Portrait of a Radical Republican
lnp3 at panix.com
Tue Sep 9 11:46:14 MDT 2003
> As for either/or exclusion argument,I don't see that in the
> Brenner articles I've read, except for the unequivocal opposi-
> ition to the Malthusian interpretation of the crises of
This is from my first post:
If one is committed to the Brenner thesis as a way of understanding the
"sharp class conflicts" that led to civil war in the USA, one must then
ask whether the outcome was consistent with what Brenner himself wrote.
It would be useful to read his description of the sine qua non for
"capitalist property relations" in the article "The Social Basis of
Economic Development" that appears in John Roemer's collection
"Under what conditions, then, will the economic actors adopt patterns of
economic action conducive, in the aggregate, to modern economic growth?
In my view, they can be expected to do so, only where all the direct
producers are separated from their means of subsistence, above all the
land, and where no exploiters are able to maintain themselves through
surplus extraction by extra-economic coercion. It is only where the
organizers of production and the direct producers (sometimes the same
person) have been separated from direct access to the means of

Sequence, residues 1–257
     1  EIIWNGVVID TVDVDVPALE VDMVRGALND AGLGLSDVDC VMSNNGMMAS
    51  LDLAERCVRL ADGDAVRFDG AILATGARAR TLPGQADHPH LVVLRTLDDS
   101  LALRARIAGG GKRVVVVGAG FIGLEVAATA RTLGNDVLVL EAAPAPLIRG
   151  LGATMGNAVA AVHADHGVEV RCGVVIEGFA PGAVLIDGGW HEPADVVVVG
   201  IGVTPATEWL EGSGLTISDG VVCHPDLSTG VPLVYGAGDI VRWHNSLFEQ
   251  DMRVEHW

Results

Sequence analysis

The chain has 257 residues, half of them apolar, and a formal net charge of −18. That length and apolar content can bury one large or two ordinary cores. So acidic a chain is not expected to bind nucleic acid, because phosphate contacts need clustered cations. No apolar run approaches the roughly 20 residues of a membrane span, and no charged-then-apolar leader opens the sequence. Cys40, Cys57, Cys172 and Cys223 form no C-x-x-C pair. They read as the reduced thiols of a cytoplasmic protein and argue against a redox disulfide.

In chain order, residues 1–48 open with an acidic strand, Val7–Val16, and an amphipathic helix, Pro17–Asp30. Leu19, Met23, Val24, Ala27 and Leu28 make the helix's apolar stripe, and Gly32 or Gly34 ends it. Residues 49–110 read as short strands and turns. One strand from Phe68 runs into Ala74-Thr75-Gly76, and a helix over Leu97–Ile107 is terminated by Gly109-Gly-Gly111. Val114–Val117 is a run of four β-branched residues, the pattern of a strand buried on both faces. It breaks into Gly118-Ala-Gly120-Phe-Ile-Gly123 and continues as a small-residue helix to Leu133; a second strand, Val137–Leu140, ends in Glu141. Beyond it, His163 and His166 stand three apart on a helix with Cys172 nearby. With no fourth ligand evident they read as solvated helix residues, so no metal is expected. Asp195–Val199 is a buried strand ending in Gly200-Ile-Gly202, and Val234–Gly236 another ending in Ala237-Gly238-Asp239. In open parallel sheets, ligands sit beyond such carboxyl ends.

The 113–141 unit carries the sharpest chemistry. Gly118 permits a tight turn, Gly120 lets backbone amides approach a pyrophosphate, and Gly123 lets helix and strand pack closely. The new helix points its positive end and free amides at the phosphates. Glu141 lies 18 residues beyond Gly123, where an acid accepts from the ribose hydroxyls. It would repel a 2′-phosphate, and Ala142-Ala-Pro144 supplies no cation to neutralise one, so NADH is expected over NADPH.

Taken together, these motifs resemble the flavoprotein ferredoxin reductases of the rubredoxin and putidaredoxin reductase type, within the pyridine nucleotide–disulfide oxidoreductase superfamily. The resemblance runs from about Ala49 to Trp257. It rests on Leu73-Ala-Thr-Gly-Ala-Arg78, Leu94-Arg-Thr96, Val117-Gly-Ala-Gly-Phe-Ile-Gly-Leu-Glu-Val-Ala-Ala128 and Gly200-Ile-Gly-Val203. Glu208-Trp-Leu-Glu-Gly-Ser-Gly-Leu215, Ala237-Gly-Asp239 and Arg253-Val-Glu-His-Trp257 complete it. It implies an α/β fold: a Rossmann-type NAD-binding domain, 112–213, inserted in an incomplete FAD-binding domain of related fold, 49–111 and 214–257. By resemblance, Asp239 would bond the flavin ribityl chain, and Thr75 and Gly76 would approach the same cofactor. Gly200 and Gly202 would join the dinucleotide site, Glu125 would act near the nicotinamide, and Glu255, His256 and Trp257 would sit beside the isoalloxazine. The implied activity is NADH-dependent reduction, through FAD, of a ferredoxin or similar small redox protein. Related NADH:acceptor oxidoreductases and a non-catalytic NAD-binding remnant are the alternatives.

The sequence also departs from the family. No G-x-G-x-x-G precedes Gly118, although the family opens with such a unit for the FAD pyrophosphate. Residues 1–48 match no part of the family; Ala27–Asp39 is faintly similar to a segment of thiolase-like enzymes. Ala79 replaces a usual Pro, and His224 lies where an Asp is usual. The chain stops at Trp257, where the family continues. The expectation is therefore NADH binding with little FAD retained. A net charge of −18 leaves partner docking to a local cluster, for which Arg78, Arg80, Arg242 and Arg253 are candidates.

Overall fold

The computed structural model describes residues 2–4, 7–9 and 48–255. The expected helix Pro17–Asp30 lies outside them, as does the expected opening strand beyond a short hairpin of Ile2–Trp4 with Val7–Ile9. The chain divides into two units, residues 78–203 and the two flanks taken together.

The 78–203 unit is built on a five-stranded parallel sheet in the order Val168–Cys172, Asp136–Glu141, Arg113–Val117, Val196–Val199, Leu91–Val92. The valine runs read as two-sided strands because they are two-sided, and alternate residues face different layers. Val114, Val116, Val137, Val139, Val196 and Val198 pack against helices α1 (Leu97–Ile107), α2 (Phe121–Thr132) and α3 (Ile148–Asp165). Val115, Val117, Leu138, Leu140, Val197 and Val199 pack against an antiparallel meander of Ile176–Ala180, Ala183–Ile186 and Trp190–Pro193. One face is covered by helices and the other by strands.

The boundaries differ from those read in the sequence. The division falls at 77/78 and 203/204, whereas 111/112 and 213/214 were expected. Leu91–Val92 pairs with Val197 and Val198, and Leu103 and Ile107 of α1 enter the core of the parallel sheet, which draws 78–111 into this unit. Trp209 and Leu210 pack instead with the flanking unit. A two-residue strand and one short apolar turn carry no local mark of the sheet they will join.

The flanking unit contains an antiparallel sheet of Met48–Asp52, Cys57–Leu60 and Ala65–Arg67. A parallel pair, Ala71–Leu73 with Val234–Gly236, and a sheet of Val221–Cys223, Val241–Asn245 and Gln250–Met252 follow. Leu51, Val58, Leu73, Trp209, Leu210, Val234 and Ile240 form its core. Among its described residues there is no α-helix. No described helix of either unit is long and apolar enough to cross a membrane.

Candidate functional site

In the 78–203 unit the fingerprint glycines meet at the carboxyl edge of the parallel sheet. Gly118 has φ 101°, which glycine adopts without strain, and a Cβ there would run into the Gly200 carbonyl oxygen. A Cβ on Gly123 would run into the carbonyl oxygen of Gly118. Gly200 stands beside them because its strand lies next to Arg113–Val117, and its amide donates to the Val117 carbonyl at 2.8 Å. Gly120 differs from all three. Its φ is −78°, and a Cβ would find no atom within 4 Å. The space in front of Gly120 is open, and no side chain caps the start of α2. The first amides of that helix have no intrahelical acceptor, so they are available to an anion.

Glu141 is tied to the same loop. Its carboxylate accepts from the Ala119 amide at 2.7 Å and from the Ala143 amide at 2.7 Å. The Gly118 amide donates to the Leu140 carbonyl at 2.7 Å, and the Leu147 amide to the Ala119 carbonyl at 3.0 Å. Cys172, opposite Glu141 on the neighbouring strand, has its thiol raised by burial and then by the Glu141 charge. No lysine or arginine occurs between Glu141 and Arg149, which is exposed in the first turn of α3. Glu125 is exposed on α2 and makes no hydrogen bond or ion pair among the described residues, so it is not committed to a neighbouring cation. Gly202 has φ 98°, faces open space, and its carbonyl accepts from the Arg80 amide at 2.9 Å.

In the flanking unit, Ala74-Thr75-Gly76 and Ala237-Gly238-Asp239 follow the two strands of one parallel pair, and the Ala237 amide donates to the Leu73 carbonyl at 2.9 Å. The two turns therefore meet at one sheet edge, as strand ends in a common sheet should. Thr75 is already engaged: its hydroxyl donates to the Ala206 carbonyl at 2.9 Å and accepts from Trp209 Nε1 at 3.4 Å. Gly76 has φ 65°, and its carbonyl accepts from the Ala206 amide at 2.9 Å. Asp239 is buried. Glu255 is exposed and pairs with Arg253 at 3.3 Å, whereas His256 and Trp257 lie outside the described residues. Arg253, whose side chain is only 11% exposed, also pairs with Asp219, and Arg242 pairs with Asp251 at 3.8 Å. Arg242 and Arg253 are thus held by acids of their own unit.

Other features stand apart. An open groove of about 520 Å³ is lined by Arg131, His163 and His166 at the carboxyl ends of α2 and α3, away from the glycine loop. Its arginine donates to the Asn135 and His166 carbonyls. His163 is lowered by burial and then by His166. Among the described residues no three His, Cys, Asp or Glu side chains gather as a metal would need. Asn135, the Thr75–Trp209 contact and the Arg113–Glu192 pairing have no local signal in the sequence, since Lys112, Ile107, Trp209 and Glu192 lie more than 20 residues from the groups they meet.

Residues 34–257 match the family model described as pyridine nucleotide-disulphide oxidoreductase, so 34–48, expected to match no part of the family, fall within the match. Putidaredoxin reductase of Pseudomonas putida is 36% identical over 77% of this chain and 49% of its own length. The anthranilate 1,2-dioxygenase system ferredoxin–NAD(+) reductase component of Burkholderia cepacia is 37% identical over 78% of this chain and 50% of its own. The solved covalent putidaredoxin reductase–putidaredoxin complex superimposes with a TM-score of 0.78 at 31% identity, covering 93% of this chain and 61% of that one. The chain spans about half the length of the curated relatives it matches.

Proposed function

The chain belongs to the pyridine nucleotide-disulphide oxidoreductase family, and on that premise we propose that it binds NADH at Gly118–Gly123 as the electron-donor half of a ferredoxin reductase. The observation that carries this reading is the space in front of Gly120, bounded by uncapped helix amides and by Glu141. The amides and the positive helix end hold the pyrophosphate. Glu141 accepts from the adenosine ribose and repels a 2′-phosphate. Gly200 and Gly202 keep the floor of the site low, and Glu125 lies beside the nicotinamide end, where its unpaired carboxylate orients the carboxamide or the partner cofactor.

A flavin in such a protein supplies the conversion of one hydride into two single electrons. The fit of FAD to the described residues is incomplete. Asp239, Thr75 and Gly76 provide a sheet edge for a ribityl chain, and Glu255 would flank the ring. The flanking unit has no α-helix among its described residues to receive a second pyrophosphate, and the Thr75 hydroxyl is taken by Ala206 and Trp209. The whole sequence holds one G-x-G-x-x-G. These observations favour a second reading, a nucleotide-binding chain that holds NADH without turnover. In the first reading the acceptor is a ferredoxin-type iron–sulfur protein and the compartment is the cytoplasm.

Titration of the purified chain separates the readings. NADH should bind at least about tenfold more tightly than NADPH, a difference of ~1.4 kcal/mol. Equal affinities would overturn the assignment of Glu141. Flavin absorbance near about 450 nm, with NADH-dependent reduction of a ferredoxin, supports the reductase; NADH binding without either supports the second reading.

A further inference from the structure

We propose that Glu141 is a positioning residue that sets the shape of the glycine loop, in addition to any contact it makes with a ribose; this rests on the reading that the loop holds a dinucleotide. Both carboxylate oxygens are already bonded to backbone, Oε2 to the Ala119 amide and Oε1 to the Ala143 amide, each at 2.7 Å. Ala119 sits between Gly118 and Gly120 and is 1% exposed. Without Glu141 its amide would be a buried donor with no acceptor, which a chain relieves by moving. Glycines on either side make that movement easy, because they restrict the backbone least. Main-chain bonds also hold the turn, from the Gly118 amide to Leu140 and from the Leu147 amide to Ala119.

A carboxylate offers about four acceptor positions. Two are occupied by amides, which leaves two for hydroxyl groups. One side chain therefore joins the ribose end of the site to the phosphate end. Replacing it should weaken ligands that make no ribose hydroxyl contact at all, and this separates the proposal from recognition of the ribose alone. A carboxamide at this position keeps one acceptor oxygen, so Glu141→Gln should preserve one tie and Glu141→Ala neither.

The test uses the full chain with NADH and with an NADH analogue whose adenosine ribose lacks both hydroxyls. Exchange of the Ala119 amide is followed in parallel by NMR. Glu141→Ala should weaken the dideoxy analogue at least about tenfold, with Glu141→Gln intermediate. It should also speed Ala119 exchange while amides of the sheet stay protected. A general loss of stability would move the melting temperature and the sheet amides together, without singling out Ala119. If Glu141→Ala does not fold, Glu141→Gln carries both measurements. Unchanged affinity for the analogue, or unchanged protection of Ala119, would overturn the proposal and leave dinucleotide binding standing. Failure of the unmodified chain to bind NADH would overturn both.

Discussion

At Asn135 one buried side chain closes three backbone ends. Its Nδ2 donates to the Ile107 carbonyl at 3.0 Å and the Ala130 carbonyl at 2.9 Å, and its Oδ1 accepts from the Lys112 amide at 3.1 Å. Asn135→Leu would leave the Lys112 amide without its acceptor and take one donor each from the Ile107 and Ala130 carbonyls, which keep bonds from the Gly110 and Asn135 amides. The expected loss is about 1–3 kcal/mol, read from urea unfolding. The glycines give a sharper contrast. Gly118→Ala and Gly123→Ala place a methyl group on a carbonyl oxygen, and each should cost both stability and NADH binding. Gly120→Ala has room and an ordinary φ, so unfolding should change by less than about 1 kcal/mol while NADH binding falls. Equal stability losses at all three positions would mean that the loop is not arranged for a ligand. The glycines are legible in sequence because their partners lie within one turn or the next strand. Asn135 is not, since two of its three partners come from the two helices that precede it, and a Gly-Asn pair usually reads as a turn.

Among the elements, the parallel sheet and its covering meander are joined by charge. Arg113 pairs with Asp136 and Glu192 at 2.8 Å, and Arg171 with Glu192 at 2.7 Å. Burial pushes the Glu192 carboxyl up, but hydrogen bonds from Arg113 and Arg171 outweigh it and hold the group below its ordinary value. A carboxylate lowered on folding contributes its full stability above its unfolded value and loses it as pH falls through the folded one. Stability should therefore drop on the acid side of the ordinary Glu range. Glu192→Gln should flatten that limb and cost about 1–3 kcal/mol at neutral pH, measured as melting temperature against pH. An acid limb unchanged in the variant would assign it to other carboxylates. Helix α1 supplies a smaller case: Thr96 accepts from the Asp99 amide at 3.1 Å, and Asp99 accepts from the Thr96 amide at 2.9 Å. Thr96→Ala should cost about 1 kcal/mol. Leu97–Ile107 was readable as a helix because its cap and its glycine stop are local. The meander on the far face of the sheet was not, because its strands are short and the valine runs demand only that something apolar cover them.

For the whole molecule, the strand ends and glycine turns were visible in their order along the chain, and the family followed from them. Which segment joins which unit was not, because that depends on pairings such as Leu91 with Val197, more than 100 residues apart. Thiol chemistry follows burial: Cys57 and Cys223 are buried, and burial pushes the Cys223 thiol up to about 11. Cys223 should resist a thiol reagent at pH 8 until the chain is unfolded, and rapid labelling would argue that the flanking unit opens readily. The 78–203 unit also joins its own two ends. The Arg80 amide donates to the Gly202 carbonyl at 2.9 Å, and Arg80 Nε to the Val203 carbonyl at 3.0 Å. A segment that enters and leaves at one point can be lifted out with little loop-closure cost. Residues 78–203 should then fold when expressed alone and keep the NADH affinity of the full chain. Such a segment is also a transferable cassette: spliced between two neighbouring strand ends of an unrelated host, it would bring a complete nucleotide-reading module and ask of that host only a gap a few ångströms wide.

subsistence, that they must buy on the market the tools and means of
subsistence they need to reproduce themselves. It is only where the
producers must buy on the market their means of reproduction, that they
must be able to sell competitively on the market, i.e. at the socially
necessary rate. It is only in the presence of the necessity of
competitive production - and the correlative absence of the possibility
of cutting costs, or otherwise raising income, by forcefully squeezing
the direct producers - that we can expect the systematic and continual
pressure to increase the efficiency of production which is the sine qua
non of modern economic growth."
When Brenner says that no exploiters are able to maintain themselves
through surplus extraction by extra-economic coerction, he is being
pretty categorical. When he says that producers must "sell competively
on the market", he is also being categorical.
Now these conditions *did* obtain within Great Britain. They were a
function of an ample supply of labor, as I have alluded to. Where labor
is in short supply or where wage labor refuses to go or goes with great
reluctance for obvious reasons--like picking cotton or laying
track--capital will use *extra-economic* coercion.
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